Brad’s post on October 27, “Gone Girl and Protest,” left me thinking of my own takeaways from David Fincher’s latest. I remembered walking out of the theater with Charis on one of our very rare nights out and both of us saying it makes for a heck of a date movie. Clearly, as Brad makes evident, the film is deeply unsettling, and part of what makes it so unsettling is how familiar it all seems. Indeed, the whole premise is to give us a twist (after twist after twist) on the 24-hour news fodder of small-town America’s vanished wife. This kind of headline has evolved into part archetype, part syndrome, and the sardonic insight that Gone Girl provides is how such yarns are so carefully spun, diffusing through and implicating all parties in the process.

The film’s depiction of the media storm around Amy Dunne’s disappearance and Nick’s potential role in it demonstrates how fickle the public consumption of such stories can be. Interviews, comparisons, and off-the-cuff diagnoses and characterizations drive the endless circularity of the “More-As-This-Story-Develops” ethos. And with each such development, the media talking heads can change face at a moment’s notice, as Missy Pyle’s Ellen Abbott does.

Under the demand to strike while the iron is hot, these scenarios condition those involved to become calculating strategists, constructing their public image, anticipating others’ next steps, orchestrating as much of the process as possible. Think of Tyler Perry’s Tanner Bolt, an attorney who’s made not just a living but a brand around defending husbands like Nick. Bolt knows how to play the game so well that his savvy-Jiminy-Cricket counsel does not concern itself with saving souls but saving face, especially the face that one “puts on.”

It’s this dynamic in Gone Girl that seems so damning of what marriage is (or, at least, what it can become). Hollywood has given us a marital battle of wits before, but Fincher’s take is something else. Where Mr. and Mrs. Smith suggested that marriage is more about keeping up appearances than keeping up with the Joneses, Gone Girl suggests that the strategy of keeping up appearances is taking place prior to whoever might be on the receiving end. Presenting the best version of ourselves becomes loaded with pretense, as if our first impressions lock in our identities throughout the duration of a relationship.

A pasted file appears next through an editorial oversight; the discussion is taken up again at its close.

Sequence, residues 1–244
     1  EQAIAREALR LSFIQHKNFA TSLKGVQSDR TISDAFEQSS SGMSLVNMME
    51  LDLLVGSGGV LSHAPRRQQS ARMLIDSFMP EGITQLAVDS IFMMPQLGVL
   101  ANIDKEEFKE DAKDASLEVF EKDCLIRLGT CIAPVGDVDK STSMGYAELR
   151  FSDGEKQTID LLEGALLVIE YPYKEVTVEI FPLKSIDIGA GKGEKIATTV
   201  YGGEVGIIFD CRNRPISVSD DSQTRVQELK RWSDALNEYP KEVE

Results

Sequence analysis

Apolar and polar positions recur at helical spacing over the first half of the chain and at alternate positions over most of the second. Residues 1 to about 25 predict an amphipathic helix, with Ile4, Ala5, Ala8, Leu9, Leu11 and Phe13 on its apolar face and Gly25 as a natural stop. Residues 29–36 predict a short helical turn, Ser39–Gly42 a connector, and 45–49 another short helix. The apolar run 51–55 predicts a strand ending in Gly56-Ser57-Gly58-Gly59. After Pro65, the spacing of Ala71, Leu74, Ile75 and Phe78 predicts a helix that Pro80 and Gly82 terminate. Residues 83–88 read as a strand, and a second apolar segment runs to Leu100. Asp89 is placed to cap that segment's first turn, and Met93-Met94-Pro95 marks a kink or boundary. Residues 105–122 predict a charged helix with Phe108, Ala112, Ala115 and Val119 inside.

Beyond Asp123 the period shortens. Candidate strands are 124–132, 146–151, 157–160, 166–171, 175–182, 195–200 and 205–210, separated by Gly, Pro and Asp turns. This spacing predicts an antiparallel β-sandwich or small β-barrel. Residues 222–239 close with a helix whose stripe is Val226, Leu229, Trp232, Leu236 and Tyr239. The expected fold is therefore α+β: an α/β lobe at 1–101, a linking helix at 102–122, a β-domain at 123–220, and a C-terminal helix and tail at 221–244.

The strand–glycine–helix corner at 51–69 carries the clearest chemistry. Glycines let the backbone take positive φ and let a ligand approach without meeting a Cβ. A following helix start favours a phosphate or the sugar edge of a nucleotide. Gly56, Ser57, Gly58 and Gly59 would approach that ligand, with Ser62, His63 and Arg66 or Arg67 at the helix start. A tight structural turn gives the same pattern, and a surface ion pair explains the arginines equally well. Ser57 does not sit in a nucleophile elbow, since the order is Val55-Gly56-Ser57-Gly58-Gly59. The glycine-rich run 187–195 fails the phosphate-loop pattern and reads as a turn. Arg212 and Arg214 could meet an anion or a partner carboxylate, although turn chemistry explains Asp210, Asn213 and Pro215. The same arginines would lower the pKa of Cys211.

What results is not merely a refusal to be honest, but an inability to do so at all. Gone Girl’s marriage is stark isolation: each can know his or her self, and all else is guesswork. It’s a “partnership” constructed on positioning at the expense of trust. And it’s the absence of trust that renders vulnerability so frightening and the facades so totalizing.

4 Comments

  1. Abby Zwart

    I finally saw Gone Girl last night. I hadn’t read the book and had somehow escaped hearing any spoilers. I think both you and Brad had really astute things to say about the film! Thanks for giving me things to think about as I watched.

    Reply
  2. Brad

    Yes. I actually think the film’s portrayal of media hysterics (and how they bear significant effect on our relationships) might be its most interesting theme, and you hit the nail on the head in your evaluation here! Thanks, Jake. I almost think this lack of trust shows up in knowing our own selves. There’s so much positioning that we don’t even know who we are. Also, this review is really good and says a lot of things that prompted my thinking: http://grantland.com/hollywood-prospectus/david-fincher-gone-girl-movie-review/

    Reply
    • Brad

      Although I will say that I liked the film more than the Grantland reviewer. It just messed me up.

      Reply
    • Jake

      Definitely the part about knowing our own selves. The constant positioning (even projecting) taking place in the movie really seems to hark back to Hitchcock’s Vertigo and its self-encounter through others. And thanks for sharing the Grantland link!

      Reply

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